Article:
Authentication of Configuration Updates for Remote Field Programmable Gate Arrays with the use of Physical Unclonable Function




Salem, Fares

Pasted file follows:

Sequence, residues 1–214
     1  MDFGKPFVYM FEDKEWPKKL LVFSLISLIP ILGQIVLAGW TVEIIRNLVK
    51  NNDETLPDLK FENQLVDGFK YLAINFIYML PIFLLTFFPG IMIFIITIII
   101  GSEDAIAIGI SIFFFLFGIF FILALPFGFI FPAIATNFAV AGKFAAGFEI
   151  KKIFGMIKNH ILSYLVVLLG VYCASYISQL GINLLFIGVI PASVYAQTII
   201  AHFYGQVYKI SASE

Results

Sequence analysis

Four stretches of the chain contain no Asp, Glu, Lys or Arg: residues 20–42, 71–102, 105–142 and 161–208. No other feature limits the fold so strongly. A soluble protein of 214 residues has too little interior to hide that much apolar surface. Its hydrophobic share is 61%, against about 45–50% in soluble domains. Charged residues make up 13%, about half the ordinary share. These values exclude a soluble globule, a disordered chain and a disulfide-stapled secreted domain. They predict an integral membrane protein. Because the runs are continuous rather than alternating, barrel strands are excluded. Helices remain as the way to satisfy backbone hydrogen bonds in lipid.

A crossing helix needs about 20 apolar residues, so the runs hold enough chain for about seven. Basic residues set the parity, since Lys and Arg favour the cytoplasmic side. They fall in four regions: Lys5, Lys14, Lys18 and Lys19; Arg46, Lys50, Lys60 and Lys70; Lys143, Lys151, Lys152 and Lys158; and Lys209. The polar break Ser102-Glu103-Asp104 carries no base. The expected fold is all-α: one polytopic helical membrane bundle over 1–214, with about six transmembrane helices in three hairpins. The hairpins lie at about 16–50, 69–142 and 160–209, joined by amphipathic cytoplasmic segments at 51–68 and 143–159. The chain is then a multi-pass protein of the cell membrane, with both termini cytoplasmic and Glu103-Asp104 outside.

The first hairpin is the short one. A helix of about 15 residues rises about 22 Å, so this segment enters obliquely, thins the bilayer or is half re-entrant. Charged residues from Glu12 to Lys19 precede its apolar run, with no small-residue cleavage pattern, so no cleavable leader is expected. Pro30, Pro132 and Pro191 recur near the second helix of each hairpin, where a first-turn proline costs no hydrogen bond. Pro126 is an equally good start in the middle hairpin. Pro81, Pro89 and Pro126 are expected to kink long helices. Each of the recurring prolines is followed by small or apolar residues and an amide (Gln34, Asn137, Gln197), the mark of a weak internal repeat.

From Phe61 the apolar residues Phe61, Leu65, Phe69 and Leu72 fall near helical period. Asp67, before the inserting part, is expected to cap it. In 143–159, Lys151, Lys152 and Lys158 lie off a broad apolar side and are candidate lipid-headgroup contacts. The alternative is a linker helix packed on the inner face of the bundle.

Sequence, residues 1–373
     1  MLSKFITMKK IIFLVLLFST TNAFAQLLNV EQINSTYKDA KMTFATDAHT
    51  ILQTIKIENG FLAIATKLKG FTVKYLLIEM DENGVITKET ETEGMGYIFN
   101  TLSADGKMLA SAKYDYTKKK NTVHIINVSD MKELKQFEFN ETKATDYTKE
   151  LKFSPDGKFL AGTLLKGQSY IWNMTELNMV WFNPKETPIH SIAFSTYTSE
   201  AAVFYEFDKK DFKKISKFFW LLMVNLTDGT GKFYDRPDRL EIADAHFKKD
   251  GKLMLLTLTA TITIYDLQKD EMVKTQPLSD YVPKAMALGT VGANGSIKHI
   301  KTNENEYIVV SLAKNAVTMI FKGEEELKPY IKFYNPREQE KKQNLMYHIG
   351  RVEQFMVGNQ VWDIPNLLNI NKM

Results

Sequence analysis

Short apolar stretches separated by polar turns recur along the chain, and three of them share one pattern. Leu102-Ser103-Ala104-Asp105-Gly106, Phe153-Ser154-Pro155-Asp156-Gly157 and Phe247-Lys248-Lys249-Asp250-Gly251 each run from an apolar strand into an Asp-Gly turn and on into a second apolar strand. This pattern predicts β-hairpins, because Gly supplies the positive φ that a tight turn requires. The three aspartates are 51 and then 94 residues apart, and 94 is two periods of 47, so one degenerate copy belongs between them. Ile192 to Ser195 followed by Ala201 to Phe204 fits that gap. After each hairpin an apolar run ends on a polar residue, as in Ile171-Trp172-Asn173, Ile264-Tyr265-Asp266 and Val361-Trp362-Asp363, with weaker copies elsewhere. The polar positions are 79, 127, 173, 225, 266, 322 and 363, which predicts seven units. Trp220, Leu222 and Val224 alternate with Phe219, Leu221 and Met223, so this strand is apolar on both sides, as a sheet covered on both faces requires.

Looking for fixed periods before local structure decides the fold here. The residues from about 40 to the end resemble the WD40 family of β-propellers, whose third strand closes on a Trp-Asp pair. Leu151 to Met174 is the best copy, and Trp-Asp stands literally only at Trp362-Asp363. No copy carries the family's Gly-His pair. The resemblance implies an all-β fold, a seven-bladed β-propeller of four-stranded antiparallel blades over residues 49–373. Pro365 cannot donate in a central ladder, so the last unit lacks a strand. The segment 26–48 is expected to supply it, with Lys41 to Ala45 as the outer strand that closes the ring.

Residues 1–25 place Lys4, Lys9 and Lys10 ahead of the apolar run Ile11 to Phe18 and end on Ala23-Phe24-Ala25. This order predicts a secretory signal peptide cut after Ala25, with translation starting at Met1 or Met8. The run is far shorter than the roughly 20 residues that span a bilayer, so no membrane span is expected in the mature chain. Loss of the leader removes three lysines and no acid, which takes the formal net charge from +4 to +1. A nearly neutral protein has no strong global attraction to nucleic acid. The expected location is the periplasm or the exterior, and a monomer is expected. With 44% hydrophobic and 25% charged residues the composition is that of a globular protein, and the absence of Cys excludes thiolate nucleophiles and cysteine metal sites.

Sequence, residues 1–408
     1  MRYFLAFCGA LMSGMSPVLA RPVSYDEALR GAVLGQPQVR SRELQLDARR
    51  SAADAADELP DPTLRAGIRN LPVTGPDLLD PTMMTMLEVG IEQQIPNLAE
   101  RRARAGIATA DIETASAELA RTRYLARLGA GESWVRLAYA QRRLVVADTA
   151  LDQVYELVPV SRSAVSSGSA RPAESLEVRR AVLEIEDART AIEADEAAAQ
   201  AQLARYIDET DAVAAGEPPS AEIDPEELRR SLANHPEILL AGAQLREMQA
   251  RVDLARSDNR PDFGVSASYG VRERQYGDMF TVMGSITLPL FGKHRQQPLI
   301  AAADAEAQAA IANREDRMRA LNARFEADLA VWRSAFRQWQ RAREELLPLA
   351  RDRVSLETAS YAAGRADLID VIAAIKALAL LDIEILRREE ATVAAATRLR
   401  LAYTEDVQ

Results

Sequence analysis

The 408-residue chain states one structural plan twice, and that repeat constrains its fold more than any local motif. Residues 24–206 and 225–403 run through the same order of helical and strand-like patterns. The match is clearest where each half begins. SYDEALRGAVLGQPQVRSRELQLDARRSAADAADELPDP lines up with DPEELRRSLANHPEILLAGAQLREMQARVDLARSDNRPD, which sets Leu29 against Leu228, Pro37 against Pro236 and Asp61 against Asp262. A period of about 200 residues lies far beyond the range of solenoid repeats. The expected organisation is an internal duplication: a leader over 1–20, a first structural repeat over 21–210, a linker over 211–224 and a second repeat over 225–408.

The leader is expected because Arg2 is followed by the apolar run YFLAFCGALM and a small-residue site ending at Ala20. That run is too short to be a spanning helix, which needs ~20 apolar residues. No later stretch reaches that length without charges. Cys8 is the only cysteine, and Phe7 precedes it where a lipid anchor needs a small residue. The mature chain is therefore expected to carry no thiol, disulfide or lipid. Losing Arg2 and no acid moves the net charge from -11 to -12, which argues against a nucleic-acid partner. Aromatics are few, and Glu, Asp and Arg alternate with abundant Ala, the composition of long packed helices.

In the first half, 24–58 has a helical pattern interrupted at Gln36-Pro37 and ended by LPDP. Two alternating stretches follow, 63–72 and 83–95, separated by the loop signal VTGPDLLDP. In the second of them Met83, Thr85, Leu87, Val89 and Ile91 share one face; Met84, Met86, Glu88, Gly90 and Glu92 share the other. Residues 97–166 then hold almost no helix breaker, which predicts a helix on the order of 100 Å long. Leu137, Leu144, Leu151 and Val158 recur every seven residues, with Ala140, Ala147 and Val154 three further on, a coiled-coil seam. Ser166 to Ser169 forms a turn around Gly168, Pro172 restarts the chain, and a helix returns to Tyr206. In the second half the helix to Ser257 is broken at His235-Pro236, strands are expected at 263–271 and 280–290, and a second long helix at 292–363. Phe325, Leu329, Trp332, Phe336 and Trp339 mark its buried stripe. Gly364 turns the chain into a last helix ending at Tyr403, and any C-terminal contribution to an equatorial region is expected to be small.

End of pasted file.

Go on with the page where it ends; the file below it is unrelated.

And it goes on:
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Security has become a significant concern in our lives with the proliferation of connected devices and the emergence of embedded systems where the attack surface is getting wider every day. New security challenges and privacy concerns require secure solutions and designs. As a result, security across all computing layers, from the applications running on the devices down to the silicon, is required. Remote devices, including the ones that use field programmable gate arrays (FPGA), could be found in different industries, and require updates to be delivered securely over the air. The authentication of the remotely accessed devices is an essential requirement for the security of these systems to guarantee that the updates get delivered to trusted and authentic devices. This work proposes a secure authentication protocol for providing secure bitstream configuration updates to remote system-on-chip (SoC) FPGA devices. This is enabled using public-key cryptography and physical unclonable functions (PUF) embedded in the FPGAs that are used as the system’s hardware root-of-trust (HRoT), enabling on-demand secure cryptographic key generation, authentication, and secure session key exchange.